Most eligible voters will receive a Voter Information Card (VIC) delivered with their mail. The VIC not only gives you suggested nearby voting locations, but also the information you need to register at the ballot box.

The VIC’s provide a polling location not just on election day, but also for advanced voting taking place between September 10 and 14. Voters can also cast their ballot at their local returning office before September 14. Once advanced polls close, voters will have to wait until election day to cast their ballot.

Most VIC’s will arrive in the mail by September 10. If you didn’t get one, chances are you’re not registered to vote or the information on your VIC is out of date.

Not to fear: If you didn’t receive a Voter Information Card, you can still vote. Elections Canada also has an online Voter Registration Service to update voter information.

Really, the VIC is more of a “fast pass” to help cast your ballot more efficiently, as voters don’t need to be registered prior to Election Day to vote.

In an email, Elections Canada said they’ve made a number of improvements to help make voting more accessible for first-time voters.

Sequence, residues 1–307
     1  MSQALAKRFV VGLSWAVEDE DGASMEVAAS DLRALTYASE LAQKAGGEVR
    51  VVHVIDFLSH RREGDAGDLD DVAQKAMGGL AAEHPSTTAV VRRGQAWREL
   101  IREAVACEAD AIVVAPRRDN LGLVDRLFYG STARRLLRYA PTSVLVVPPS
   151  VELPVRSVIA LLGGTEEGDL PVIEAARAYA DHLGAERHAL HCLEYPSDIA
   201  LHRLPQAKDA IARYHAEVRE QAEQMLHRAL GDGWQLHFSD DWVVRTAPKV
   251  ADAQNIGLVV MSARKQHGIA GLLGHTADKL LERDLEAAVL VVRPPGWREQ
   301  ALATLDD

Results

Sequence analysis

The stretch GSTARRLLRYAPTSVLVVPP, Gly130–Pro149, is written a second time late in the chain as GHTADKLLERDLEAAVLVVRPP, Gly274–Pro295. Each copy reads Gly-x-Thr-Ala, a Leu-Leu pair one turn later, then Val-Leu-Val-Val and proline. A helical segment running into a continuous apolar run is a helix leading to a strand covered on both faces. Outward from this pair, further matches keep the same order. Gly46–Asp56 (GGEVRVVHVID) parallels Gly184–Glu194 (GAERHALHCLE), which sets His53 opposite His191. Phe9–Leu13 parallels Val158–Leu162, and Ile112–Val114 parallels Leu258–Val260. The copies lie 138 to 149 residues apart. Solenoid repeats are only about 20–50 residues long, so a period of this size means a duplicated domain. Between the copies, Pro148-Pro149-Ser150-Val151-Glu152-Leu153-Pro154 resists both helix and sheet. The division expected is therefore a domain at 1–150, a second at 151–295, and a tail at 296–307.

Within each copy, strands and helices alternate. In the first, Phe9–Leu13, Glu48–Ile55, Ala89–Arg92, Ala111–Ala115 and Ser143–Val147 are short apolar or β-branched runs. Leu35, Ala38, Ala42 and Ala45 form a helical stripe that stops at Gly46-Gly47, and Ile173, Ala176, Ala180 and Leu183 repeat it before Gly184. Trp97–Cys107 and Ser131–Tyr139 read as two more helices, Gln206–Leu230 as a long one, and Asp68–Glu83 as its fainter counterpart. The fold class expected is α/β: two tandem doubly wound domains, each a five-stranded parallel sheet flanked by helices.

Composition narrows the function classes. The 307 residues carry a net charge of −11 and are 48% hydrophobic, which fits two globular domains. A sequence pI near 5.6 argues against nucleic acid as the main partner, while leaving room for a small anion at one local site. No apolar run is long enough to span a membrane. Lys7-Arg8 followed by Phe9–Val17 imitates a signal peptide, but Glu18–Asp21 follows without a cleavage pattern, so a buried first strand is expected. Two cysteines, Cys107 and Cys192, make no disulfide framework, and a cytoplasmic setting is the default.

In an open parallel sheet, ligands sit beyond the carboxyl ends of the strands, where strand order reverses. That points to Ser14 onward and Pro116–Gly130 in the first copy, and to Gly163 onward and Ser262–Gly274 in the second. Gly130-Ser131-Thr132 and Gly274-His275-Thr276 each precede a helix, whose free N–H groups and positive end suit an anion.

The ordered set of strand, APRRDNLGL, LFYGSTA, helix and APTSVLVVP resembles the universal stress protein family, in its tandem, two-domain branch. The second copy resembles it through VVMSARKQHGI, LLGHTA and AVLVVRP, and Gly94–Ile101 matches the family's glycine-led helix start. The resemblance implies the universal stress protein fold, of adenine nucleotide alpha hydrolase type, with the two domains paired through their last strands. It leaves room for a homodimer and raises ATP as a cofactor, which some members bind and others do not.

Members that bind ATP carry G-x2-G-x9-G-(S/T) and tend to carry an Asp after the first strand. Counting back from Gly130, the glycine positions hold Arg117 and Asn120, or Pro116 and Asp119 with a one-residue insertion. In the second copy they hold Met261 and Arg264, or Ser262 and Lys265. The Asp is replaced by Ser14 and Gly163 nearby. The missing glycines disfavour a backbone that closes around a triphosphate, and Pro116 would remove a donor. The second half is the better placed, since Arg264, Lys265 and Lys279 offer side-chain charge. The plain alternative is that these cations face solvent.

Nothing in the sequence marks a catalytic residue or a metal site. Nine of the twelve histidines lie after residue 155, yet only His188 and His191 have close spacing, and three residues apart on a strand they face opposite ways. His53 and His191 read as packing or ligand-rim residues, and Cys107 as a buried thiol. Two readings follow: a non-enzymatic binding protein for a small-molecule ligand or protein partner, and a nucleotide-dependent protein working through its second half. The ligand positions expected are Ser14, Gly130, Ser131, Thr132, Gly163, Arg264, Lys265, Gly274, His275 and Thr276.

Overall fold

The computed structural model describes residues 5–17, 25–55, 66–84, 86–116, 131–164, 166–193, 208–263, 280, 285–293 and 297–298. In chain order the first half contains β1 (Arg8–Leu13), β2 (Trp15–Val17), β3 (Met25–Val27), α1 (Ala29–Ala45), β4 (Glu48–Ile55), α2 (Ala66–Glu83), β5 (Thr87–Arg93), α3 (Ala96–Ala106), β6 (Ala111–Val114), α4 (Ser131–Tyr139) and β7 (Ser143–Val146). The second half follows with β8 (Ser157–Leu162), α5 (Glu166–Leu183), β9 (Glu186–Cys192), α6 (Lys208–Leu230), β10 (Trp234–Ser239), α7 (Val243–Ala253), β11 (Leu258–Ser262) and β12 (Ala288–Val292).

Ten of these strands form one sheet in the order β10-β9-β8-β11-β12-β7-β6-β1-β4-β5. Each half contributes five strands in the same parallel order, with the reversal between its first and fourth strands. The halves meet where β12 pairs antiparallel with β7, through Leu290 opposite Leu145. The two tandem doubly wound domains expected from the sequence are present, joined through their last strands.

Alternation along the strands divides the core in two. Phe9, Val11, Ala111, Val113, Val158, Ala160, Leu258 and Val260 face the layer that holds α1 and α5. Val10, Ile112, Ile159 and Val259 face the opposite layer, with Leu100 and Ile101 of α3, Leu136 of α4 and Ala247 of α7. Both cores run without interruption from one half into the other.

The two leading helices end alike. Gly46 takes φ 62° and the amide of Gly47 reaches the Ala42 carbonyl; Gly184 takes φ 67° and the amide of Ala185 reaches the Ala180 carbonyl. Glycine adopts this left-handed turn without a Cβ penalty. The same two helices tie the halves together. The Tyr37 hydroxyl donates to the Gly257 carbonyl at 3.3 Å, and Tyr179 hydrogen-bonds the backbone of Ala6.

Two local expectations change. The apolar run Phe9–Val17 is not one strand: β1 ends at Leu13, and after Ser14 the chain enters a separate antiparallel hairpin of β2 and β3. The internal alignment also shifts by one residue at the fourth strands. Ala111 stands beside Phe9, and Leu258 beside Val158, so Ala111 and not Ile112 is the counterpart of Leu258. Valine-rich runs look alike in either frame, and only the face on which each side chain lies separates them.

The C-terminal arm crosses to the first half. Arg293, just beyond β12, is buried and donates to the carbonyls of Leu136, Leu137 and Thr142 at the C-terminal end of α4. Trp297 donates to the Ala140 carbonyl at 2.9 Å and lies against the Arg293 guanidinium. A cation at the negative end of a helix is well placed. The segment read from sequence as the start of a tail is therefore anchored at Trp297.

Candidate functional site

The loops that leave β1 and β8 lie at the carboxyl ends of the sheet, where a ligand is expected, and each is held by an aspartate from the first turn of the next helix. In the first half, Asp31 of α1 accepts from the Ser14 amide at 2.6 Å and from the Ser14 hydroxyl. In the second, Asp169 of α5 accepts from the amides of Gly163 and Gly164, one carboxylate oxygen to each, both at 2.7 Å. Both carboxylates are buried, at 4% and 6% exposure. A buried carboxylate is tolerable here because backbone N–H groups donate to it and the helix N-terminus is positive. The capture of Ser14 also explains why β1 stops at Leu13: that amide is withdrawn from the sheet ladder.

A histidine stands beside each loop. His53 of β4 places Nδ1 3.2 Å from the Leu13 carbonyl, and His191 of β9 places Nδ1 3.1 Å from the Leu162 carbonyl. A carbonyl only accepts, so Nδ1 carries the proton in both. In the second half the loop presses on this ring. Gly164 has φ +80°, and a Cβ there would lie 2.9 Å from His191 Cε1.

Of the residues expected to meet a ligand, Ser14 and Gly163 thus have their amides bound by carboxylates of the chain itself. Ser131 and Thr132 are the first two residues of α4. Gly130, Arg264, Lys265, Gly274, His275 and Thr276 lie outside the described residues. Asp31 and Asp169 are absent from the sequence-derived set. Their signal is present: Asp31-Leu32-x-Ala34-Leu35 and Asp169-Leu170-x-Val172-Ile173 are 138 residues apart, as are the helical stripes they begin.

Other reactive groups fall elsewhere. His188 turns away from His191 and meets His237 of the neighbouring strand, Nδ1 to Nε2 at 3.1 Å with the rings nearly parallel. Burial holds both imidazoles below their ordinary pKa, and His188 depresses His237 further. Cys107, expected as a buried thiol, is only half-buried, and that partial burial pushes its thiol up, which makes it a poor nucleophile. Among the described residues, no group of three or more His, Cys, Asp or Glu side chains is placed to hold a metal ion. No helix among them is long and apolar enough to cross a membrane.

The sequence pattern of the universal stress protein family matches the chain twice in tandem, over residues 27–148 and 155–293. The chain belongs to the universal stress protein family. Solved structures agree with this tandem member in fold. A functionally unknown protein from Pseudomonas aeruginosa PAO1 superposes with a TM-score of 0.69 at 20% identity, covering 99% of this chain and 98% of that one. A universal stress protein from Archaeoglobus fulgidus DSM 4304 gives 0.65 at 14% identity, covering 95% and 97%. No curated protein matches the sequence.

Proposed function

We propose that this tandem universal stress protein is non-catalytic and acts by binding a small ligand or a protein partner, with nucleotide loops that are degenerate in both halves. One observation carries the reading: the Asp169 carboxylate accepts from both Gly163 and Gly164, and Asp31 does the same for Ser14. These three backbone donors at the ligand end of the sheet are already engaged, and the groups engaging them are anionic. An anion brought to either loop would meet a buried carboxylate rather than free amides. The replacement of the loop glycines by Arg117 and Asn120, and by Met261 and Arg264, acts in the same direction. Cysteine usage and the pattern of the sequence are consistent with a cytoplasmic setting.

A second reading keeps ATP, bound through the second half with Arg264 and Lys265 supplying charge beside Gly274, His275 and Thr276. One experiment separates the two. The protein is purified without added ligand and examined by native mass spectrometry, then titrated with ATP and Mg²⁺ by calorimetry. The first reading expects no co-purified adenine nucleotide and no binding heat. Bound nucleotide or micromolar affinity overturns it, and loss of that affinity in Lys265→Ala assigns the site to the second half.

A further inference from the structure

“Any elector may now apply online to vote by mail and receive a voting kit that includes a pre-addressed return envelope with pre-paid postage,” Elections Canada wrote.

Another way to vote is by special ballot. In situations where voters may be working or studying away from home, special ballots give these voters the option to cast their vote for a representative back home. Special ballot applications can be completed on Elections Canada’s website or in person at a local returning office. The deadline to apply for a special ballot is September 14.

The Elections Canada website is a hub for supports and resources voters need to cast their ballot. Simply by entering your postal code, the site can show you your riding, where to vote, a list of candidates in your riding, and your riding map.

The most important thing is to be safe. No one should have to jeopardize their health or safety to cast a vote. Let’s not make this election a super-spreader.

For more information, give Elections Canada a call at 1-800-463-6868.

Should I vote strategically?

The act of strategic voting often comes up when elections are close. Strategic voting happens when a voter decides not to cast their ballot based on who they believe the best candidate would be, instead casting their ballot for the candidate they think can prevent an candidate they want to avoid from taking office. Basing your vote on who you don’t want rather than who aligns with your values is a bleak way to approach a democracy. By voting your values, even if you’re the only voter in your community with a candidate’s sign, society gets a better idea of what you believe in, not what you’re afraid of.

Finding where you vote fits